The effectiveness of old and new strategies for the long-term control of <i>Pteridium aquilinum</i>, an 8-year test

Milligan, G, Cox, ES, Alday, JG, Santana, VM, McAllister, HA, Pakeman, RJ, Le Duc, MG and Marrs, RH ORCID: 0000-0002-0664-9420
(2016) The effectiveness of old and new strategies for the long-term control of <i>Pteridium aquilinum</i>, an 8-year test. WEED RESEARCH, 56 (3). pp. 247-257.

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<jats:title>Summary</jats:title><jats:p>There is a need for management strategies to control dominant perennial weeds and restore seminatural communities. We compared the effects of five weed control treatments on dense <jats:italic>Pteridium aquilinum</jats:italic> relative to an untreated experimental control over an 8‐year period with the aim of restoring acid grassland. The weed control treatments tested were as follows: cutting and bruising, both twice and thrice annually, and herbicide treatment (asulam in year 1 followed by annual spot retreatment of all emergent fronds). <jats:italic>Pteridium aquilinum</jats:italic> performance and plant species composition were monitored. Data were analysed using Bayesian mixed‐effect models and multivariate techniques. Cutting twice and thrice yearly and the asulam treatment all reduced frond density to zero; both bruising treatments were ineffective. The plant communities in the cut and asulam‐treated plots showed differences from the untreated and bruised plots; the asulam‐treated plots contained more ruderal species and the cut plots were more typical of acid grassland. Acid grassland recovery was fastest in the asulam‐treated plots, but the cut plots caught up after approximately 5 years. There were two important conclusions. First, an intractable weed like <jats:italic>P. aquilinum</jats:italic> can be eradicated and a vegetation more suited for grazing can be achieved by the continuous application of some treatments over many years. Here, success was achieved by cutting twice/thrice annually, or by a single asulam application followed by annual spot spraying of all emergent fronds for 8 years. Second, bruising, a treatment favoured by some conservation organisations, did not work and cannot be recommended. The use of long‐term, continuously applied treatments might be considered for all perennial weeds with large underground root/rhizome systems.</jats:p>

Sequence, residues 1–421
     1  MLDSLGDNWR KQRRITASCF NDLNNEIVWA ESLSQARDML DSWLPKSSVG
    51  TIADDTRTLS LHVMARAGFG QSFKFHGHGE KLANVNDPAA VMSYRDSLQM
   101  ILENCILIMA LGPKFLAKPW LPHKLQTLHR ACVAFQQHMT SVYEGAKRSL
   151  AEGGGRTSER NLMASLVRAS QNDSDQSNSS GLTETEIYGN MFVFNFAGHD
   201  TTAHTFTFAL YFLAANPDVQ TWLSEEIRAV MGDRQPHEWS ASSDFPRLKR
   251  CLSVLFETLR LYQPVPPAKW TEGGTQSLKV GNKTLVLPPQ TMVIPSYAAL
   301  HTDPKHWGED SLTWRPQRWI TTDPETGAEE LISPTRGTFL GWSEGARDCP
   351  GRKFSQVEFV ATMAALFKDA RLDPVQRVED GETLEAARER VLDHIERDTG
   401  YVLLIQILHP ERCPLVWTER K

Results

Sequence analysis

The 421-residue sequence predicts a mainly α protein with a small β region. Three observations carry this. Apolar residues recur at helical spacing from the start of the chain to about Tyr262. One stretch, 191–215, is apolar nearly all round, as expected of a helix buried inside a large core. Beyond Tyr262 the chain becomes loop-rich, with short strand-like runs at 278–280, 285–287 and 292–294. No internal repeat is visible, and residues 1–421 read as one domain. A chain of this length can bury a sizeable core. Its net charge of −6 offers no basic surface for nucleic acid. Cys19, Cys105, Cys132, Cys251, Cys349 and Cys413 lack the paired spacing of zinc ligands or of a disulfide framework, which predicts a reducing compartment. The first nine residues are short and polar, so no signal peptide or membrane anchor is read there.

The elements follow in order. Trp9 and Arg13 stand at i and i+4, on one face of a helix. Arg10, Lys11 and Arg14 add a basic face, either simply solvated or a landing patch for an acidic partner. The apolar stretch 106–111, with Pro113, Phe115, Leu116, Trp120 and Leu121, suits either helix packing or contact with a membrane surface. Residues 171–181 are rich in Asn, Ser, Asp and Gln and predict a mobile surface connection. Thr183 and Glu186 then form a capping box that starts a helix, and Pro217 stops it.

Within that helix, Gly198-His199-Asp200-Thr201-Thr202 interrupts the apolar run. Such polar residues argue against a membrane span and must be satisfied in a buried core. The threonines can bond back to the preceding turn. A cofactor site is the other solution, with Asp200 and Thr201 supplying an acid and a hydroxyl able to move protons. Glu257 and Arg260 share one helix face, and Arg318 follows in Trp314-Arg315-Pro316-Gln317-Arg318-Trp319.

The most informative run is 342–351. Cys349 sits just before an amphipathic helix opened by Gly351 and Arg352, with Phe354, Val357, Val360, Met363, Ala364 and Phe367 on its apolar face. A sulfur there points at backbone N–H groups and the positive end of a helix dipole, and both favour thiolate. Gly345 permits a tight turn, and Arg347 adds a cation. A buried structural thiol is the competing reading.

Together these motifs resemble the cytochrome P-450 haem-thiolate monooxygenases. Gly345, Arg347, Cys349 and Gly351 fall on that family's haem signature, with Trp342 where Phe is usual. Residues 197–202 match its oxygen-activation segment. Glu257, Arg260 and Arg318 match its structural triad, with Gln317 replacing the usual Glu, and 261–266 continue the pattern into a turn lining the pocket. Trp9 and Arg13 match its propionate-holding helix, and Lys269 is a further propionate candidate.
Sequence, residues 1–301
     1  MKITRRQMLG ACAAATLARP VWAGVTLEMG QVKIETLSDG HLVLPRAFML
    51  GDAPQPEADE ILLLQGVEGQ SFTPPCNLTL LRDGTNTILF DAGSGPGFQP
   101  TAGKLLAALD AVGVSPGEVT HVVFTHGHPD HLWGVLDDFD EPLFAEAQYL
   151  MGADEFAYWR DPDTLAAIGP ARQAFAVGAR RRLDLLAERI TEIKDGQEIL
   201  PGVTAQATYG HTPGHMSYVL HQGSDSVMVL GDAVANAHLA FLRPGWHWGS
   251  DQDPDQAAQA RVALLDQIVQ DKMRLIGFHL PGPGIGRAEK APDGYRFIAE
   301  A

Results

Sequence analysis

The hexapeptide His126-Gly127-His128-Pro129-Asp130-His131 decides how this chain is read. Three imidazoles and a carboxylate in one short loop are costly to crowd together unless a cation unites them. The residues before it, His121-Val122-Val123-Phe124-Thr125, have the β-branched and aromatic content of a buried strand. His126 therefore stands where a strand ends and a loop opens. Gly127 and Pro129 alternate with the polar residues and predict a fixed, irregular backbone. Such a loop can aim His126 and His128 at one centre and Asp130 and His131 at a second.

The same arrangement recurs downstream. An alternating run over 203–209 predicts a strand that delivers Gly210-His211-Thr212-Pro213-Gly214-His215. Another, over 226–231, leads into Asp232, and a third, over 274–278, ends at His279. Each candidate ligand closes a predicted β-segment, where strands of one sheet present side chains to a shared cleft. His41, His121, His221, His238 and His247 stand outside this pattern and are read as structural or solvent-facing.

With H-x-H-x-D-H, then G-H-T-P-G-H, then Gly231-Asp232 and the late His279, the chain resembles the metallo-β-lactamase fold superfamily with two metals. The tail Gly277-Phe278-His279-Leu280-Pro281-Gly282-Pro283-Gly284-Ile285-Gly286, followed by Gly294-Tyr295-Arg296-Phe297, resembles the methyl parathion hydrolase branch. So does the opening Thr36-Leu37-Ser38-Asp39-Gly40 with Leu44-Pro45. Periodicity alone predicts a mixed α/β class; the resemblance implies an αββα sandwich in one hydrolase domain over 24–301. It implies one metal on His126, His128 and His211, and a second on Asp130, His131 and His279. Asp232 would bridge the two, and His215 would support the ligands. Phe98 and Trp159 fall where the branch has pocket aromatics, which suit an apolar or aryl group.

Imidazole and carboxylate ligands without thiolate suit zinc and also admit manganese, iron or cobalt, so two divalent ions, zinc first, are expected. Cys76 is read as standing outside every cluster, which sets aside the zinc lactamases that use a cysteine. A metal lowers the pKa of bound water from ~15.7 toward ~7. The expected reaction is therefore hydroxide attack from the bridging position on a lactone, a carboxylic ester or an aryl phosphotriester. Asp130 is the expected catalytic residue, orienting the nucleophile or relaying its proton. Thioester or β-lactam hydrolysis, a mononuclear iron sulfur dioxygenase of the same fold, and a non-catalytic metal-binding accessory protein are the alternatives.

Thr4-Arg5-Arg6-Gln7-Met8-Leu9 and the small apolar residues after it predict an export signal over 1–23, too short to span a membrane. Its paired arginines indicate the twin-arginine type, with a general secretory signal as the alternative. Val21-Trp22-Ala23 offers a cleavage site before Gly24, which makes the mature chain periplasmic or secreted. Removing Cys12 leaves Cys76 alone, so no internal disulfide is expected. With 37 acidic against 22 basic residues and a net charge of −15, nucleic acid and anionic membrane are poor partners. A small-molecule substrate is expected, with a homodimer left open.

Item Type: Article
Uncontrolled Keywords: Bayesian mixed-effects models, canonical correspondence analysis, bracken, asulam, cutting, bruising
Depositing User: Symplectic Admin
Date Deposited: 27 Apr 2016 14:52
Last Modified: 17 Oct 2023 01:59
DOI: 10.1111/wre.12203
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